Digital transformation and innovation require data-driven leadership combined with intuition to create a humanistic digital culture. It’s an approach to leadership training that resonates with systems thinking and change management, according to Rishad Tobaccowala, former Chief Growth Officer of Publicis Groupe.
Digital transformation and innovation require data-driven leadership combined with intuition to create a humanistic digital culture. It’s an approach to leadership training that resonates with systems thinking and change management, according to Rishad Tobaccowala, former Chief Growth Officer of Publicis Groupe. Rishad explains that effective corporate cultures, based on data and storytelling, support both financial success and corporate agility.
About Rishad Tobaccowala: Rishad’s key skill is getting people to see, think and feel differently about how to grow themselves, their teams and their company. He does this through distilling 40 years of global learning and wisdom and communicating in a way that is provocative, pragmatic and inspirational.
Rishad is Chief Growth Officer and member of the Management Committee of Publicis Groupe, the world’s third-largest communication firm with 80,000 employees. He was named by BusinessWeek as one of the top business leaders for his pioneering innovation and TIME magazine dubbed him one of five “Marketing Innovators. Rishad’s first book “Restoring the Soul of Business: Staying Human in the Age of Data” was published globally in January, 2020. His writings can be found on the Re-Inventing blog.
- What is the Premise of your Book, Restoring the Soul of Business?
- What are the Objectives of Business?
- The Weakness of Data without Story and Intuition
- Spreadsheets and Machine Learning are Backward-Looking
- Monopolies and Holistic Business Leadership
- Balancing Corporate Profit and Organizational Responsibility
- Scaling Business Strategy for Digital Leadership and Innovation
- How to Incentivize Culture, Behavior, and Business Model Change?
- How to Recognize an Organization that is Data-Myopic?
- Why is Combining Spreadsheet and Story so Important?
- Advice for Individual Team Contributors
- Advice to Senior Business Leaders
This transcript was edited lightly.
Michael Krigsman: In an age of data obsession, everything is data-driven. On organizations, what is the impact? We are speaking with Rishad Tobaccowala. Rishad, you've written this excellent book. It's called Restoring the Soul of Business. Tell us about Publicis Groupe and tell us about the book that you've written.
Rishad Tobaccowala: Right now, I continue to be at the Publicis Groupe as a senior advisor but I have spent my entire 37-year career at either Publicis or a predecessor company that they bought called Leo Burnett, the advertising agency. I have basically done pretty much anything that can be done in the world of marketing and advertising.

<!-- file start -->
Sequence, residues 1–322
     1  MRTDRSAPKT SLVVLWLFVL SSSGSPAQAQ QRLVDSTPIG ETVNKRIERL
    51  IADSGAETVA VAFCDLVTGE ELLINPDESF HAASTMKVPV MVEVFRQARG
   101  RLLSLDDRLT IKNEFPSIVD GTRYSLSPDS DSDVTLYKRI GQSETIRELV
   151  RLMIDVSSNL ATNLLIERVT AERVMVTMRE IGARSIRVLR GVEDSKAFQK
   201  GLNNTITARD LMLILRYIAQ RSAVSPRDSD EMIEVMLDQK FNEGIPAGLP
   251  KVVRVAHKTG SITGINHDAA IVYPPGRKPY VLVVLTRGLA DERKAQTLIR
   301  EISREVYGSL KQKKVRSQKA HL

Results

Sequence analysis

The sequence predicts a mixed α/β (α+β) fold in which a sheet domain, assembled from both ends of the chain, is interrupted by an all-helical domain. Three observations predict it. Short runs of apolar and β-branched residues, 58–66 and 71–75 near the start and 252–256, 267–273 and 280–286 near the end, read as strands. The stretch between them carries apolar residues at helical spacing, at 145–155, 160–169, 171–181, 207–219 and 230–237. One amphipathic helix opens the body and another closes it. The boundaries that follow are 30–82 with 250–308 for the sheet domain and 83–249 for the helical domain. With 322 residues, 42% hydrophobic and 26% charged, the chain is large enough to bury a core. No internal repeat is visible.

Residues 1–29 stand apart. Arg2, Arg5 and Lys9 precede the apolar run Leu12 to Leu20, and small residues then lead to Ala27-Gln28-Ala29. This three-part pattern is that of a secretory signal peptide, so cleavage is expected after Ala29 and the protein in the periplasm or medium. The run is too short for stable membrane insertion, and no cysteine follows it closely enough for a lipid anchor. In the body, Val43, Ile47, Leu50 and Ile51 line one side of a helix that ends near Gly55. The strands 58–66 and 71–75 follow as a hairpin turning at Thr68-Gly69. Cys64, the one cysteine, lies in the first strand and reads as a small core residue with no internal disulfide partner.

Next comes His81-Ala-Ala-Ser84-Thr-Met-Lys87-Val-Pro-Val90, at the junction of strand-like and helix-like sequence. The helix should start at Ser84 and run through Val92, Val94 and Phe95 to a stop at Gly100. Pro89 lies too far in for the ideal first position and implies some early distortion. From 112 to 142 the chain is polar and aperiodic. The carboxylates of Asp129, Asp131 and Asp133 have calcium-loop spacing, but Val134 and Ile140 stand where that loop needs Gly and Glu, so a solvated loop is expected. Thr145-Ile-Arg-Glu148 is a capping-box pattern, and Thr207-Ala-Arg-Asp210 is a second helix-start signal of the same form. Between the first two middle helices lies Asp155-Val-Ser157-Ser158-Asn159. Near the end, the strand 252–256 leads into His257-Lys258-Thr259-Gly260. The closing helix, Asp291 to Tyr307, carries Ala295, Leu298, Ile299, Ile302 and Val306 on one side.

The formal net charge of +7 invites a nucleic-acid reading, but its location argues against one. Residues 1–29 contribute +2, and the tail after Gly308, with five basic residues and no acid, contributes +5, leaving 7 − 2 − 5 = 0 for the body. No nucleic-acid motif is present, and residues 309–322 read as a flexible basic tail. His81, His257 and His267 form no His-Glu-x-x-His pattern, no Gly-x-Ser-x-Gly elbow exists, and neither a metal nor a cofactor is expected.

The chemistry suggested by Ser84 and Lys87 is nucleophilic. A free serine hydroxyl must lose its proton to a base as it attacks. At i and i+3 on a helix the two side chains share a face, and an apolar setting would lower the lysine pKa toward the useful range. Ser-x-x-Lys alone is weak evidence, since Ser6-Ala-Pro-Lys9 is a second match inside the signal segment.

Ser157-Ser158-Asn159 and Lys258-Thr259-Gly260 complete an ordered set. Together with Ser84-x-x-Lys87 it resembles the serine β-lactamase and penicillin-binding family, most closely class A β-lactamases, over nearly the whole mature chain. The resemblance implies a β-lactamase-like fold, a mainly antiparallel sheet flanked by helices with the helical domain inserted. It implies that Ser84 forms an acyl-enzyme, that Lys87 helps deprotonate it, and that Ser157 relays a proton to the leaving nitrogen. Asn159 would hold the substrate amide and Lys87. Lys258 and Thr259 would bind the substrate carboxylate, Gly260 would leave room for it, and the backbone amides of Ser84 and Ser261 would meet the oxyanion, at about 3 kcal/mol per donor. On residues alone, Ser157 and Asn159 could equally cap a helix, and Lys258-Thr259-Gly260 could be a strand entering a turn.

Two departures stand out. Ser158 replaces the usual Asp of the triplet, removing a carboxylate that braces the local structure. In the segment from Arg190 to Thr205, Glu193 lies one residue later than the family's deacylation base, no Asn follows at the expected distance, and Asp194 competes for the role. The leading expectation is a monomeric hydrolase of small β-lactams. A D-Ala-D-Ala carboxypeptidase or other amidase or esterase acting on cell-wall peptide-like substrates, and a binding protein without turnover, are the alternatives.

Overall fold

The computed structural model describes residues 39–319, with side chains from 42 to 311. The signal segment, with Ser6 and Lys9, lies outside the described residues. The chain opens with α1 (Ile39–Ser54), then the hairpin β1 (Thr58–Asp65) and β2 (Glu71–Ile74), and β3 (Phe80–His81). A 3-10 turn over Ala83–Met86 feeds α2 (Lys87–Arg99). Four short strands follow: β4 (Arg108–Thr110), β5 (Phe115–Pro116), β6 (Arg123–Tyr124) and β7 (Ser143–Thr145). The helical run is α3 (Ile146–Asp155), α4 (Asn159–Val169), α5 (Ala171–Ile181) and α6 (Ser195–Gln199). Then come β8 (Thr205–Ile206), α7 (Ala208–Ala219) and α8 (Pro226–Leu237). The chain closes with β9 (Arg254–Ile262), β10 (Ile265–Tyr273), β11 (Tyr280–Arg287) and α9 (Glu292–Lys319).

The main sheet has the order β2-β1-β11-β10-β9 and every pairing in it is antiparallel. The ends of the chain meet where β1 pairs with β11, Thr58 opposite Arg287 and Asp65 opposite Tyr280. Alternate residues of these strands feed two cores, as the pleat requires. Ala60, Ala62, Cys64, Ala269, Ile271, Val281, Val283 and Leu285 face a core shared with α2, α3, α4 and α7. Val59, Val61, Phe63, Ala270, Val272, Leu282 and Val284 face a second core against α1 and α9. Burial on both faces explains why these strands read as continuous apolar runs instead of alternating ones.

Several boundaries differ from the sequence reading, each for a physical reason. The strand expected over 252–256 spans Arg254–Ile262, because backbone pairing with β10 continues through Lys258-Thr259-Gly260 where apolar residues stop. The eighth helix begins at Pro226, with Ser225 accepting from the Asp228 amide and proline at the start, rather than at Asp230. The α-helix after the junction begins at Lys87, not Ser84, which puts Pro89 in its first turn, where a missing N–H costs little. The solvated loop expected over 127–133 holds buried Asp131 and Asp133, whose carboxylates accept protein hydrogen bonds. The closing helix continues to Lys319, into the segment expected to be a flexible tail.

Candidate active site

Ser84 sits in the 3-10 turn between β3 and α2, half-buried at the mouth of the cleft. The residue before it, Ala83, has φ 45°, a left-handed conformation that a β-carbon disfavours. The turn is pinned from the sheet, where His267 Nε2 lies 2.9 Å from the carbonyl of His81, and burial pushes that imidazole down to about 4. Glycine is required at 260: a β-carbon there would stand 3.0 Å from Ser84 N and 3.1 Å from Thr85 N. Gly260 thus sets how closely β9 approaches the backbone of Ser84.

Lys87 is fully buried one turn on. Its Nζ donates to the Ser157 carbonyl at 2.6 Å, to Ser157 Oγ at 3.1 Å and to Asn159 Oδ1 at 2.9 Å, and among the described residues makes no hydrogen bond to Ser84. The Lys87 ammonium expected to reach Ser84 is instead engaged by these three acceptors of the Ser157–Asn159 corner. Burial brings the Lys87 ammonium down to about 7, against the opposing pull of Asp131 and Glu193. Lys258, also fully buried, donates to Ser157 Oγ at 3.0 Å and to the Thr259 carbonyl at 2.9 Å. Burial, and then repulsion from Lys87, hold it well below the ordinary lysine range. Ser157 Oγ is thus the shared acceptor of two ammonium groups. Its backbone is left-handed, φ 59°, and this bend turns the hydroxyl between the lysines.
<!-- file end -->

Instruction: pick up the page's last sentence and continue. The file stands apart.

I worked in creative agencies like Leo Burnett. I have worked in media companies like Starcom and Zenith. I have been the chairman of big digital agencies like Digitas and Razorfish.
I have worked in the corporate role as both the chief growth officer and prior to which I was the chief strategist of the Publicis Groupe. I've also started a lot of companies for the company, small companies that scaled up into bigger companies like Starcom IP, Giant Step, and Denuo.
Michael Krigsman: How did you evolve from being a data person to writing a book? Is it fair to characterize it as the danger of being overly obsessed with data? Is that a correct characterization?
Rishad Tobaccowala: The book's central premise is that individuals, companies, and teams do best when you combine the story and the spreadsheet. The spreadsheet of a business is the data of the business. Obviously, it's the P&L, the customer information, all of those things which are left brain, mathematical, computed, computer-wise.
The right side of the business, which I call the story of the business, is the purpose, the values, the meaning, the culture, the way people communicate in a business. Successful companies need to combine both. When you basically tilt towards the left and what I was beginning to see over the last five, six years because of the prevalence of data, because of the rise of companies that were fueled by data, I was seeing businesses tilting more and more towards the spreadsheet versus the story. I began to realize that there were three big problems because of that.
The first was, more and more of the employees of companies were getting disengaged because, when decisions were being done by math and machine, they felt left out. That was number one.
Number two is that, because of that, people were starting to make big mistakes. For instance, Wells Fargo decided that opening accounts was what they needed to do, and so people began to open fake accounts. At the same stage, now you understand that somewhat the same issues happened with Boeing when they had to get the 737 Max out there. When you begin to have companies where it's all about, let's make the numbers work or let's make the math have a decision, you also began to have stock market issues, so the company's market valuation dropped.
The third, from a societal impact, especially when you have larger companies like, let's say today, Facebook, they focus so much on their own, I would say, results and are fixating on consumers, they forget that they have a societal impact, which is, we are not just ingesters of things. We are citizens of countries. We are parts of community. There was this backlash against companies who were only focusing on the left brain, as there has been a backlash on Facebook, as there has been a backlash on other companies.